Horatius Bonar: The beautiful paradox of the Christian

20 12 2011
Bonar here beautifully expresses that wonderful paradox of the Christian, sometimes described as Simul iustus et peccator (at the same time righteous and a sinner).  Bonar wisely encourages us to drink deeply from this truth or not at all.  Those who do are the happiest and most holy.
 “Christ is all and in all” (Colossians 3:11). He who knows this, knows what fully satisfies and cheers. He who knows this best has the deepest and truest peace: for he has learned the secret of being always a sinner, yet always righteous; always incomplete, yet always complete; always empty, and yet always full; always poor, and yet always rich. We would not say of that fullness, “Drink deep or taste not,” for even to taste is to be blest. But we say, Drink deep; for he who drinks deepest is the happiest as well as the holiest man.”

Horatius Bonar, The Everlasting Rigtheousness ch. 6





My philsophy of ministry (that I stole from Horatius Bonar)

20 12 2011

When I first started preaching regularly, one of the things I heard from time to time was “why do you preach the Gospel every Sunday? When are we going to move beyond that and get to discipleship?”  I tried from time to time to provide a satisfactory answer and I have long desired to write a small outline about the Gospel and how it fits into our understanding of not only how we become Christians, but how we grow spiritually.  Thankfully, I ran across ch. 10 of Horatius Bonar’s The Everlasting Righteousness, which spells out more clearly than I ever could the philosophy of ministry that we seek to embody.  Take the time to read the excerpt below.  I’ve linked to the whole book as well as to this crucial chapter below. 

We are justified that we may be holy. The possession of this legal righteousness is the beginning of a holy life. We do not live a holy life in order to be justified; but we are justified that we may live a holy life. That which man calls holiness may be found in almost any circumstances,–of dread, or darkness, or bondage, or self-righteous toil and suffering; but that which God calls holiness can only be developed under conditions of liberty and light, and pardon and peace with God. Forgiveness is the mainspring of holiness. Love, as a motive, is far stronger than law; far more influential than fear of wrath or peril of hell. Terror may make a man crouch like a slave and obey a hard master, lest a worse thing come upon him; but only a sense of forgiving love can bring either heart or conscience into that state in which obedience is either pleasant to the soul or acceptable to God.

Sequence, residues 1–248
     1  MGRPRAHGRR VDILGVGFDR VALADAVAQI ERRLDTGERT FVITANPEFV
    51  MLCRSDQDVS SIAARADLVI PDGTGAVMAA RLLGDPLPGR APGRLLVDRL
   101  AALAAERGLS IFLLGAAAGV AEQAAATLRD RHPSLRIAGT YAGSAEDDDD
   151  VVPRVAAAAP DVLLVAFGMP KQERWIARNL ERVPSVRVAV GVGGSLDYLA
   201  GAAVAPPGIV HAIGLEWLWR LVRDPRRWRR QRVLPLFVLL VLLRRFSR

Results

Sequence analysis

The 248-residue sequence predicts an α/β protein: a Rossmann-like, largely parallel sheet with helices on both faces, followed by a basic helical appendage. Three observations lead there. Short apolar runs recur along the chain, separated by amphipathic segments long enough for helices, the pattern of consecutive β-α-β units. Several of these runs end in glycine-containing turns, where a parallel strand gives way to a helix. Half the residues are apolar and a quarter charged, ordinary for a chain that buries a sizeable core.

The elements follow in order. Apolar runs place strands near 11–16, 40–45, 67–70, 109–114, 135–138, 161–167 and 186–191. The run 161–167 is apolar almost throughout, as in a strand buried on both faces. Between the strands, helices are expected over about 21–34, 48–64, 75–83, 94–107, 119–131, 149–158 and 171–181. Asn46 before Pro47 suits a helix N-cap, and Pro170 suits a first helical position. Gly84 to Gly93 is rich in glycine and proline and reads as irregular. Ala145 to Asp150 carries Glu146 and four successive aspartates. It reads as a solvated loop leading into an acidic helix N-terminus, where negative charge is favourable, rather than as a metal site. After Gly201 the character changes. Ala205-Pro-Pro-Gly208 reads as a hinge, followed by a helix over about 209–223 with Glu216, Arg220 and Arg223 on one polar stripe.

False ideas of holiness are common, not only among those who profess false religions, but among those who profess the true. For holiness is a thing of which man by nature has no more idea than a blind man has of the beauty of a flower or the light of the sun. All false religions have had their “holy men,” whose holiness often consisted merely in the amount of pain they could inflict upon their bodies, or of food which they could abstain from, or of hard labor which they could undergo. But with God, a saint or holy man is a very different being. It is in filial, full-hearted love to God that much of true holiness consists. And this cannot even begin to be until the sinner has found forgiveness and tasted liberty, and has confidence towards God. The spirit of holiness is incompatible with the spirit of bondage. There must be the spirit of liberty, the spirit of adoption, whereby we cry, Abba, Father. When the fountain of holiness begins to well up in the human heart, and to fill the whole being with its transforming, purifying power, “We have known and believed the love that God has to us” (1 John 4:16) is the first note of the holy song, which, commenced on earth, is to be perpetuated through eternity.
We are bought with a price, that we may be new creatures in Christ Jesus. We are forgiven, that we may be like Him who forgives us. We are set at liberty and brought out of prison, that we may be holy. The free, boundless love of God, pouring itself into us, expands and elevates our whole being; and we serve Him, not in order to win His favour, but because we have already won it in simply believing His record concerning His Son. If the root is holy, so are the branches. We have become connected with the holy root, and by the necessity of this connection are made holy too.
Forgiveness relaxes no law, nor interferes with the highest justice. Human pardons may often do so: God’s pardons never.
Forgiveness doubles all our bonds to a holy life; only they are no longer bonds of iron, but of gold. It takes off the heavy yoke, in order to give us the light and easy.